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  • Aortic valve stenosis

  • Left ventricular outflow tract obstruction

  • Rheumatic aortic stenosis

  • Calcium aortic stenosis


  • 395.0 Rheumatic aortic stenosis

  • 396.0 Mitral valve stenosis and aortic valve stenosis

  • 746.3 Congenital stenosis of aortic valve


  • I06.0 Rheumatic aortic valve diseases

  • I35.0 Aortic (valve) stenosis

  • I35.2 Aortic (valve) stenosis with insufficiency

  • Q23.0 Congenital stenosis of aortic valve


  • 6D: Impaired aerobic capacity/endurance associated with cardiovascular pump dysfunction or failure1


An 80-year-old male becomes short of breath while playing with his grandchildren at a family picnic. The patient states that he is dizzy and has chest pain. Vitals are: Pulse: 98, Respirations: 22, Blood pressure: 142/86, and SpO2% of 96%. On physical examination, the patient has a slow rate of rise in the carotid pulse, a systolic ejection murmur at the right second intercostal space and a reduced intensity of the second heart sound. The EKG reveals left ventricular hypertrophy, but no ST-T wave changes and a chest X-ray shows a rounding of the left ventricular apex.



  • Aortic valve does not open fully2

  • Narrowing of the aortic valve causing left ventricular outflow tract obstruction2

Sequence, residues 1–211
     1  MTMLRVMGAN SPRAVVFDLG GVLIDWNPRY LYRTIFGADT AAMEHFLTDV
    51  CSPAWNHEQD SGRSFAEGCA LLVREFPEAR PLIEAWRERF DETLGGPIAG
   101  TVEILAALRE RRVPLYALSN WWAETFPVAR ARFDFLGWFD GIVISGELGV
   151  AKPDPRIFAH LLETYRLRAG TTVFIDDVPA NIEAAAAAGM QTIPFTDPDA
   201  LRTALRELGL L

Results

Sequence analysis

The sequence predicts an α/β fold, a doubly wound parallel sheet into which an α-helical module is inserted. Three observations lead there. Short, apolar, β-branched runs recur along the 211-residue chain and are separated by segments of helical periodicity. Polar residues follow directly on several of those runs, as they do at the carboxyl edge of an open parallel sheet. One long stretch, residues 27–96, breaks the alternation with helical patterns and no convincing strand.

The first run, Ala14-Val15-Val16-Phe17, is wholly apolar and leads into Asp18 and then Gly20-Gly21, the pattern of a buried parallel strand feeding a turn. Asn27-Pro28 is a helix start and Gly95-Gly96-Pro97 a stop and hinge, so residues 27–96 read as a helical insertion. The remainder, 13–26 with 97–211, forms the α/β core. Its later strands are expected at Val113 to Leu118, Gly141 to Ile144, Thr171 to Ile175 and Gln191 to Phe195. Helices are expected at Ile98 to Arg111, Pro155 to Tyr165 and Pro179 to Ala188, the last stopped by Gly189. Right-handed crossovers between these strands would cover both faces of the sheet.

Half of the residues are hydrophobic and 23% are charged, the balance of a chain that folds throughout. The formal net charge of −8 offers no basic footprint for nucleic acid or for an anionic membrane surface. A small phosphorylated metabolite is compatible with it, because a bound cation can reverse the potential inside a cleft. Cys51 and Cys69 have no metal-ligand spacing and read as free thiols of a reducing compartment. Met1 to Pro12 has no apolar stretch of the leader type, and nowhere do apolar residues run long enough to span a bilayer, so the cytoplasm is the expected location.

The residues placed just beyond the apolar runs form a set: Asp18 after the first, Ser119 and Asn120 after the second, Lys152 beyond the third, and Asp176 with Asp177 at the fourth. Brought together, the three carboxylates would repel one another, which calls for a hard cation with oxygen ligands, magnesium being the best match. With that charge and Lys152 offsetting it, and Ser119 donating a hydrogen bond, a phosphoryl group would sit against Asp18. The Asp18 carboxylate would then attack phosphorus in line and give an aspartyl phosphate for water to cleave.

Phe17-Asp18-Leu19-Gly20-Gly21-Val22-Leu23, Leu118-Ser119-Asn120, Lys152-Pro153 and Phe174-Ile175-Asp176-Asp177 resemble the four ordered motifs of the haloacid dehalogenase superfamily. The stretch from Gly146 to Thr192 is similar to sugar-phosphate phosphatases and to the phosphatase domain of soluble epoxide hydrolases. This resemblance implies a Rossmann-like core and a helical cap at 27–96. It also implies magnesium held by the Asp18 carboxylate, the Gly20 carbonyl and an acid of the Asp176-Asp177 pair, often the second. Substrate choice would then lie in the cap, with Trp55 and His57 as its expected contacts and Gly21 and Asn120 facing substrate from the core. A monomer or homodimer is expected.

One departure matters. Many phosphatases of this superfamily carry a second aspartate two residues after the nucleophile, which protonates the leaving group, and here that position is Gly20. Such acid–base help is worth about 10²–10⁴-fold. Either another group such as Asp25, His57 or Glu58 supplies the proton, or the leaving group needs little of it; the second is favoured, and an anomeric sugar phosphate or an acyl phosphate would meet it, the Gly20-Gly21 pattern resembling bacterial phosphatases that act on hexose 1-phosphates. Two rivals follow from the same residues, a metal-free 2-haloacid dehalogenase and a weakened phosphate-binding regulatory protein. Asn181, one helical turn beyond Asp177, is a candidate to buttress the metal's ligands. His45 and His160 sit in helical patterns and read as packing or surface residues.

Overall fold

• Causes decreased blood flow from left ventricle into the ascending aorta

  • Decreases blood flow from heart to rest of the body and brain

  • Decreased flow can cause lightheadedness, fainting, chest pain

  • Three types2

    • Congenital

    • Rheumatic

    • Degenerative

Essentials of Diagnosis

  • Stethoscope auscultation for ejection murmur at right second intercostal space

  • EKG/ECG3

  • Echocardiogram

  • Cardiac catheterization

  • Chest X-ray

  • Exercise stress test

General Considerations

  • Education on disease management reduces hospitalization

  • Patients with significant aortic stenosis (AS) should not participate in competitive sports, even without symptoms

  • Strenuous activity should be limited for symptomatic AS

  • Signs and symptoms should be monitored

  • Emphasis on wellness and prevention

  • Can lead to sudden cardiac death, arrhythmias, increased risk of bleeding, embolic events, coronary disease

  • Children can develop bacterial endocarditis

  • Can cause syncope, chest pain, heart failure if untreated


  • Can be congenital, present from birth

  • More commonly develops later in life as a result of calcification of the valve or previous rheumatic fever

  • More common in men than women



  • Symptoms depend on the degree of valve stenosis

  • Patient may have no symptoms until stenosis progresses

  • Audible systolic ejection murmur at right second intercostal space

  • Angina pectoris2

  • Syncope2

  • Congestive heart failure2

  • Dyspnea on exertion

  • Shortness of breath2

  • Anginal chest pain that increases with exercise

  • Orthopnea2

  • Fatigue, weakness2

  • Fainting, dizziness with ...

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